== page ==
Category: Family

What If God Was One of Us?

I’ve been muddling this for awhile, but I feel like I need to address it on my blog. I am a huge fan of Mayim Balik’s blog Kveller: A Jewish Twist on Parenting. They have great insights into the Jewish faith and the basics on raising good kids. Sure, Mayim has some interesting takes on child rearing – baby wearing, nursing until they ask otherwise, etc – but I take what I can and leave the rest.

Am I Jewish? Nope. Is S? Well, kinda. He was raised Jewish and I was raised Catholic. What do you get when a Jew and Catholic get hitched? A Unitarian. I won’t bore you with the principals of our new faith, you can check it out at UUA. But I assure you, we are not a cult full of unshaved pot smoking hippies worshiping blades of grass (or Satan). Okay, moving on.

So there was an interesting blog on Kveller a few days ago about a family who celebrates both Hanukkah and Christmas. At first I thought it was a nice story, and much like what our home does, but then I got to the comments and OH THE HUMANITY! Especially this gem:

<i>Both my husband and I are Jewish and somehow our children are quite respectful, understanding and appreciative of other people’s cultures. We are also quite multicultural in our approach to the world. Fancy that. What we have done is given our children a firm foundation in their own heritage and provided them with an underpinning that will last their entire lives. A child needs direction in this world no matter how much she is taught to respect both of her parents heritages.. The question for the author is what is she doing about that? A person cannot be both a Christian and a Jew, even if that Jew decides Christmas is OK because Jesus was a rabbi.</i>

Look, we joined the UU church because community and a sense of belonging was important to us. And we want our child to know that Bubbe and Pop-Pop are not wrong in what they believe and neither is Grandma and Grandpa. Hell, we might even throw in Diwali and Ramadan into the mix.  I feel like if we are giving our children SOMETHING to grasp in this world they will be okay. How would it be fair for me to ask Sam to compromise his beliefs so our child can have SOMETHING to believe in. That will breed resentment and that’s not good for a kid either, right?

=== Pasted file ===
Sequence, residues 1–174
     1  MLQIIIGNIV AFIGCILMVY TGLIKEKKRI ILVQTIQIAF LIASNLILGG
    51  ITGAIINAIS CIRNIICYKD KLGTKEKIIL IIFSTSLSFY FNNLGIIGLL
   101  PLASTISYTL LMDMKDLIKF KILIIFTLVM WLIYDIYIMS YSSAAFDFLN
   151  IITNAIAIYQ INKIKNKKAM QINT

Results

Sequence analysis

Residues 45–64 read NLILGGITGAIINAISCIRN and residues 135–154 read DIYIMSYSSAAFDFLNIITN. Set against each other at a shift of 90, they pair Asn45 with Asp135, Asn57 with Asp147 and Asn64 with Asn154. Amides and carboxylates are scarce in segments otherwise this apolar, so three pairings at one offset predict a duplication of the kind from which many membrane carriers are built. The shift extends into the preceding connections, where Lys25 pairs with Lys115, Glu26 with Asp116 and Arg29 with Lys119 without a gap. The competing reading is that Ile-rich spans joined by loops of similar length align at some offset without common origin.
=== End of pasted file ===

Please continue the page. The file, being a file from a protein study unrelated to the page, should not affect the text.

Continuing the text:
We are all doing the best we can. Just wait until you meet my UU  kid – he will be respectful, appreciative of other’s cultures and have a firm grasp on right and wrong. Oh. And a hectic December with all the tree trimming and menorah lightings.

Excited with a Side of Mad

I’ve struggled with how to write this post for a variety of reasons. I’ve tried to be honest in my blog because all these emotions are honest. Also, it involves my sister in law, R., who is also my best friend, but the main reason I’ve struggled is because I am not sure how to articulate my feelings.

R. is pregnant! I am so excited to be an aunt, and S. is thrilled to be an uncle (funny aside, he is an only child and it never occurred to him that he could be an uncle). R. and my brother were pregnant once before and, sadly, had a miscarriage. They’ve been trying for awhile, so I consider this  a hard fought victory. I have to say, I am a little relieved they didn’t ‘get pregnant by accident’. I am especially excited this little one is going to be born near my birthday.  I know what you are thinking … there has to be more emotions around this. You are correct my friend.

I am mad. I am NOT mad at R., not even close. I am just plain mad.

I am mad I am in a situation where I have to work out all these emotions.

I am mad R. was worried about telling me – she shouldn’t have to feel that way during a happy time.

I am mad I had to say I needed a few days to process and couldn’t participate in her excitement in the moment.

I am mad my family has to walk on eggshells around me. I am mad I think that’s okay.

I am mad my body isn’t cooperating.

Today I am just mad. And that’s going to have to be okay. Another joy of my telework/flex hours job – I think I might take to the bed for part of the day tomorrow.